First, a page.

1. Madhura Sutta.– Avantiputta, king of Madhurā, visits Mahā-Kaccāna, who is staying at the Gundāvana in Madhurā, some time after the Buddha’s death, and questions him regarding the brahmin claims to superiority over other castes. Kaccāna points out that wealth confers power on all, not only on brahmins. A brahmin experiences the result of his actions both good and bad, in this world and in the next, just as do members of other castes. A brahmin ascetic receives no more homage than an ascetic of other castes. Avantiputta accepts the Buddha’s Faith. M.ii.83‑90; cp. Ambaṭṭha Sutta; for a discussion see Dial.i.105.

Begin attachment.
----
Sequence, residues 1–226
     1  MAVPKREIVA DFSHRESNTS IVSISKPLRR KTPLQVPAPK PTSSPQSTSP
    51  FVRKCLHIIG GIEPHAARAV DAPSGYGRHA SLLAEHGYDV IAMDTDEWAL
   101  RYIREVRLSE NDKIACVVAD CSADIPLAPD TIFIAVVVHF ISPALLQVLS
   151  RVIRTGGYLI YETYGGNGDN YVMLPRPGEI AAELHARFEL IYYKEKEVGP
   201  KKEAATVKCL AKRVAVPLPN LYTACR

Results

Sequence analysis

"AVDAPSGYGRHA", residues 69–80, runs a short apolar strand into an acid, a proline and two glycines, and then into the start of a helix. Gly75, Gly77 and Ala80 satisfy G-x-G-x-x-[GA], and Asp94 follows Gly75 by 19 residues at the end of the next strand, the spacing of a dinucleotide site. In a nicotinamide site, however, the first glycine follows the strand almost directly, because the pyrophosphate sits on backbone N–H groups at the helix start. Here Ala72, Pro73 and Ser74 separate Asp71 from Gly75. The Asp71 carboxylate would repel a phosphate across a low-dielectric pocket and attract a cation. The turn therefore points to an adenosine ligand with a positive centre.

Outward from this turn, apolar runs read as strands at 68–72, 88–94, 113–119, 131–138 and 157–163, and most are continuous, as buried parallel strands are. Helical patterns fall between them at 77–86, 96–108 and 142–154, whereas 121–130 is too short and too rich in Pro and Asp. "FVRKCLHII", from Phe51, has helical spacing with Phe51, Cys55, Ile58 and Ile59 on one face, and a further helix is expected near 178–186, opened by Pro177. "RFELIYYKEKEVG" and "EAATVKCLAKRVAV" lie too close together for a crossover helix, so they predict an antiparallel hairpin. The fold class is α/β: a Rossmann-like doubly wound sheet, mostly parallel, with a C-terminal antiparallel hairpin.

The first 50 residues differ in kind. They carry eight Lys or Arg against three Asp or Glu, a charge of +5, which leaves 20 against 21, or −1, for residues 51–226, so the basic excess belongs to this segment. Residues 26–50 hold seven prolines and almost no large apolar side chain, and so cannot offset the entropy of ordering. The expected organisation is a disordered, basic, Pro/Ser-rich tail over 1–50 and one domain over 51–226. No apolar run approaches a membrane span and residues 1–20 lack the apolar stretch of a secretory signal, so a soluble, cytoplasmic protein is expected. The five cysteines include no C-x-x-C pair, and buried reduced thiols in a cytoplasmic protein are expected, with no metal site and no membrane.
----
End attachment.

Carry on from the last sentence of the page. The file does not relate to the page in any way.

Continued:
2. Madhurā Sutta.– On the five disadvantages of Madhurā:
- the ground is uneven,
- there is much dust,
- there are fierce dogs,
- bestial yakkhas, and
- alms are obtained with difficulty (A.iii.256).
The Commentary explains (AA.ii.646) that the Buddha, during a tour, once entered Madhurā, and was on his way to the inner city. However, a certain heretic yakkhiṇī stood before him naked, stretching out her arms, her tongue out. The Buddha thereupon turned back and went to the vihāra, where the people entertained him and the monks.